Wednesday, September 30, 2009
Posted by D. Daniel Sokol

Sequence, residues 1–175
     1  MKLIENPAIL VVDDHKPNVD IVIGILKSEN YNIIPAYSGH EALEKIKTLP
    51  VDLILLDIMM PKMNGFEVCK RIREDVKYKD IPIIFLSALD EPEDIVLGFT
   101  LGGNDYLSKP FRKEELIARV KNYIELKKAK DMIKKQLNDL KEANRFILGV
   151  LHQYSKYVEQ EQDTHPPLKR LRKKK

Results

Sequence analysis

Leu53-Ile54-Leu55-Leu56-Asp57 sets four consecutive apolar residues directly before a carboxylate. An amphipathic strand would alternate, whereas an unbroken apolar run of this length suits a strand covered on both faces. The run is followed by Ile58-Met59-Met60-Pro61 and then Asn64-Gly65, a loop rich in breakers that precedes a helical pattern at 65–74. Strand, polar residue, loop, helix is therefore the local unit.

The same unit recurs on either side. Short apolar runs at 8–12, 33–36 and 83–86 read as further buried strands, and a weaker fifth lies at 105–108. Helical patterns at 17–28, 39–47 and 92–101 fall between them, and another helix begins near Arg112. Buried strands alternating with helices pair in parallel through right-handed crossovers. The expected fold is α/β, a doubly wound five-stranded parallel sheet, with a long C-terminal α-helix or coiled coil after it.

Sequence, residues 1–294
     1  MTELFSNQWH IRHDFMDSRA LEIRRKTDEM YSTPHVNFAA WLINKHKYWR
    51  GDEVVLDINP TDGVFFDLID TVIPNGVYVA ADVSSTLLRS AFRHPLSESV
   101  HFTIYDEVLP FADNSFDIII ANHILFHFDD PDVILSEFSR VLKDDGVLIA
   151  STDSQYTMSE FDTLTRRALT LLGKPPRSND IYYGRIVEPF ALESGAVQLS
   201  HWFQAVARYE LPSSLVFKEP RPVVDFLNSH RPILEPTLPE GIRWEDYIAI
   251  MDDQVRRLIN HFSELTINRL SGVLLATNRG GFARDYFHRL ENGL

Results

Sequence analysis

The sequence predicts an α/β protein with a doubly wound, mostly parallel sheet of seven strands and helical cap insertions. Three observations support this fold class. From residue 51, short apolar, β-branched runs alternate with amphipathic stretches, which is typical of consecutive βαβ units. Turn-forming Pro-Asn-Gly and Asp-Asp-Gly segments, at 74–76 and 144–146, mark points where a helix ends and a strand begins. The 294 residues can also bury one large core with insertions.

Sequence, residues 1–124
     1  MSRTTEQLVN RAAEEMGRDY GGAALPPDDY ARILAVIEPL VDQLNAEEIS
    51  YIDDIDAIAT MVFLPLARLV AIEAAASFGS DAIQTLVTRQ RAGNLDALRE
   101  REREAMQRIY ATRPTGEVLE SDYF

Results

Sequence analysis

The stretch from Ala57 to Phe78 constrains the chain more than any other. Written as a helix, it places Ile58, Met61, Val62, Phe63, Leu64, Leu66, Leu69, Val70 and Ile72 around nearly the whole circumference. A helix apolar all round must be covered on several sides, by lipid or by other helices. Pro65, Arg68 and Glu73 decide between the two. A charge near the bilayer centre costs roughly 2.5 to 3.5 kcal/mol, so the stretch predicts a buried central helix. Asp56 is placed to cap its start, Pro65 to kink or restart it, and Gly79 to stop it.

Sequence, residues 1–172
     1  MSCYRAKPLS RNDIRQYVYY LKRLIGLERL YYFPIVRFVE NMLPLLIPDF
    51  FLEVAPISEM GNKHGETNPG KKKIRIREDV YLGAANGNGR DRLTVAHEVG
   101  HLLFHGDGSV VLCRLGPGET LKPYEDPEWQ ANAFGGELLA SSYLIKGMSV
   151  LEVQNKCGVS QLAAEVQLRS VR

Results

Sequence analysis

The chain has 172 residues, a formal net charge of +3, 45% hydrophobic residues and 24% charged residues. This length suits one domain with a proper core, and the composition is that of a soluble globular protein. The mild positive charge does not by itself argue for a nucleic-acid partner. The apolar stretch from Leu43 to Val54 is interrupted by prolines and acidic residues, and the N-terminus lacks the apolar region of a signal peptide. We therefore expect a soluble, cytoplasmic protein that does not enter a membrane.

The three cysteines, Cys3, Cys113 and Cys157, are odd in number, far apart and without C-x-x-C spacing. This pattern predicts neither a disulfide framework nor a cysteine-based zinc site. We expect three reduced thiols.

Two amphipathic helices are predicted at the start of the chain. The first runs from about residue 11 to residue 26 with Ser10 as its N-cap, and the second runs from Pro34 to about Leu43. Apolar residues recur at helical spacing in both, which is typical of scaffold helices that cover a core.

ABSTRACT: We study upstream horizontal mergers and their potential efficiency gains. We show that an upstream horizontal merger can give rise to two efficiency-enhancing effects when firms trade through two-part tariffs. It increases R&D investments and decreases wholesale prices when downstream competition is not too strong. Examining whether the merger’s potential efficiency gains can overcome its anti-competitive effects in terms of welfare, we show that when firms merge usually both of the above mentioned efficiencies are realized and they are passed on to consumers. This holds to a lesser extend when firms trade through linear contracts.